Today, Armenians all around the world start to remember the victims of the Armenian genocide, the brutal murder of some one million people that started 99 years ago. However, a small revolution took place and the world hardly noticed it. Turkish Prime Minister Recep Tayyip Erdogan has called the events of 1915 for the first time as “inhumane.” These words could transform the almost non-existing relations between Turkey and Armenia. For sure, Turkey is still not ready yet to accept that genocide or a genocidal attempt took place during World War I in the Ottoman Empire against Armenians. However, Erdogan’s remarks could break the ice and bring back some kind any normality in the region. At the same time, there are loads of spoilers out there that will try to undermine the process.
Turkish public officials have never ushered any kind of excuse or responsibility about the violence and terror that had their peak in 1915 against Armenian civilians, including elderly, women and children. Also now, Erdogan made no explicit reference to the inhumanity. Erdogan did say that “the Armenians who lost their lives in the context of the early 20th century rest in peace, and we convey our condolences to their grandchildren.” However, Armenian diaspora groups, some of them quite radicalized (not least because of the continued pain they receive by the total denial of anything from Turkey), deny any kind of positive tactic by Erdogan. On the opposite, it is argued that Erdogan’s words are “a manipulative attempt to perpetuate the state denial of the Armenian Genocide” as it was stated in an op-ed in the Globe and Mail. Despite that criticism, it has to be said that never any high-ranking Turkish official has said something similar in the past like Erdogan now. That is why it should be regarded as a very positive step forward, although more needs to come in the future, not least more specific remarks about the extent of the Armenian suffering.
One of the more curious things for me is why there is such a fear among many Armenians to establish a historic commission. For sure, it is understandable that Turkey might influence such a commission and it would not be clear if all documents could be accessed. But nothing speaks against an international commission that is equally made up of Turkish, Armenian and international historians. Historians are needed who know the available documents from the time and have the ability to read and interpret those documents that would need to be made available. Turkey has offered to establish historical commissions in the past, although such attempts often appeared to be fishy. However, the blunt refusal of some Armenians in the diaspora that a historical commission is not necessary because the Armenian genocide is a fact appears to me as a very weak argument.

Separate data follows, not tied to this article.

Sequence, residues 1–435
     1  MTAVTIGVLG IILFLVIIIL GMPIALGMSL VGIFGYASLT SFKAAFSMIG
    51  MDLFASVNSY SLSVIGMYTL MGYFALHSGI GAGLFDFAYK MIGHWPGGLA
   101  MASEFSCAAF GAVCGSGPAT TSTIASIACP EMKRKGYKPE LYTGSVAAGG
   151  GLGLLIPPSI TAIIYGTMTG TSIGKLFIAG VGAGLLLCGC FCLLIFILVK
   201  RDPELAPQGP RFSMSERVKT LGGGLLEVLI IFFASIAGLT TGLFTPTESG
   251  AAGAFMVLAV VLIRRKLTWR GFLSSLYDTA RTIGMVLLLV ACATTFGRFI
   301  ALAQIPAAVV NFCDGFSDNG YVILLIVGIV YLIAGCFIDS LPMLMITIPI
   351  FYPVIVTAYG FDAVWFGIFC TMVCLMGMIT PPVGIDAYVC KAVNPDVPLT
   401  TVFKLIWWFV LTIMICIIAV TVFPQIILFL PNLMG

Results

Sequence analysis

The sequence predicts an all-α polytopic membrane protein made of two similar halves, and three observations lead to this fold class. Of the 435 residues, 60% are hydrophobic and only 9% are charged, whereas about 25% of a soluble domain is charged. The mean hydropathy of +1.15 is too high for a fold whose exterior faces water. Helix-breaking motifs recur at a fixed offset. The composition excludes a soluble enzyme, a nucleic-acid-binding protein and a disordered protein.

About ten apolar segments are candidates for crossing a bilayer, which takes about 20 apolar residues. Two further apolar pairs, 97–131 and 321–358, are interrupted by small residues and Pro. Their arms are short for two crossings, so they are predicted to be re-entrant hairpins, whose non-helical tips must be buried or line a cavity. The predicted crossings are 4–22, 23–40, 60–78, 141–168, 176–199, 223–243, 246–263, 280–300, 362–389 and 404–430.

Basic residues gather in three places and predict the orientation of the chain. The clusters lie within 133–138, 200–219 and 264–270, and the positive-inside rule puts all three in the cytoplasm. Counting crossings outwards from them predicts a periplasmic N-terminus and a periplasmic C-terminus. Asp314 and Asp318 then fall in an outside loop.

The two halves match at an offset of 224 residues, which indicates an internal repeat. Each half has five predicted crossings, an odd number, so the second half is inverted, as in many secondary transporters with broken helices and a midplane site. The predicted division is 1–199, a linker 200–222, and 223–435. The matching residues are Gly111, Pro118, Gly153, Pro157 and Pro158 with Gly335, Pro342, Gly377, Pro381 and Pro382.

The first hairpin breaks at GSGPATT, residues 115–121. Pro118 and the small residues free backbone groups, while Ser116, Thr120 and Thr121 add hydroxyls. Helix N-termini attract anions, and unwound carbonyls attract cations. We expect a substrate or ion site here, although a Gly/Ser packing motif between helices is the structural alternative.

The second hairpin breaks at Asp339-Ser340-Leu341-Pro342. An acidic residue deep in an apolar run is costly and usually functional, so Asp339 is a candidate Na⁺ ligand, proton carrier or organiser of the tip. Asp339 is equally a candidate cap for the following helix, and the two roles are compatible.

History should be treated carefully, particularly when it is as contested as the mass murder of Armenians. The understanding of the events of 1915 between Turkish and Armenian people could not be more fundamentally different. While Armenians mourn hundreds of thousands of people who died (the numbers vary between 500,000-1,500,000 although it appears likely that about a million Armenians were killed or starved to death), many Turks see Armenians as a “fifth column” that helped to destroy the Ottoman Empire.
It will be crucial that Turkish public officials will over time express their condolences – and the responsibility of Turkey (!) – for the massacres that happened against the Armenian people. After all, it is pretty clear from the facts that are available that the mass transportation of Armenians, that de facto led to mass killings, were based on orders from the highest ranks in Istanbul at the time. However, Turks have never learned that in history. In Turkey, you learn a heroic history; if anything, it were the Turks that suffered and not that the various minorities that are until today portrayed as betrayers.
In the past, the Armenian diaspora pushed hard in countries like the U.S. and France that the respective parliaments would condemn the massacres of 1915 as genocide. This usually has not helped at all any kind of reconciliation efforts like the “football diplomacy” in 2009 but rather destroyed such initiatives. That is why I do think that parliaments should vote on such issues but rather help to facilitate dialogue that makes it easier for the perpetrators to accept their responsibility of what happened, respectively the successor state Turkey to accept this responsibility. Already in December 2013, Turkish Foreign Minister Ahmet Davutoglu made Turkey’s first high-level visit to Armenia since 2010, when the peace efforts stalled. This new invitation of Erdogan could help to further strengthen the efforts to open the borders and have normal relations between the two countries. This, at the same time, could be vital that also the issue of Nagorno-Karabakh could be solved. For sure, Azerbaijan will consequently try to spoil this process. Ironically, they will be supported by many parts of the organized Armenian diaspora that simply wants a process where everything should happen at once. That is not going to happen; a facilitated process is necessary that will take time. Not least it will take time so that Turks can accept the involvement of the Ottoman Empire in the organized crimes.
It will be a slow process in Turkey until the majority of the people realize of what happened 99 years ago. It will not be easy. And yet, it will be necessary to discover this sad part of Turkish history. At the same time, because it will be a slow process, it is very hard for Armenians to accept only a gradual acceptance. Worse, for Armenians it is clearly genocide of what happened and anything less than the term genocide is not sufficient. Consequently, there is still a long way to go. However, Erdogan has opened a new window of opportunity. Let’s hope and try to make sure that the spoilers will not destroy it.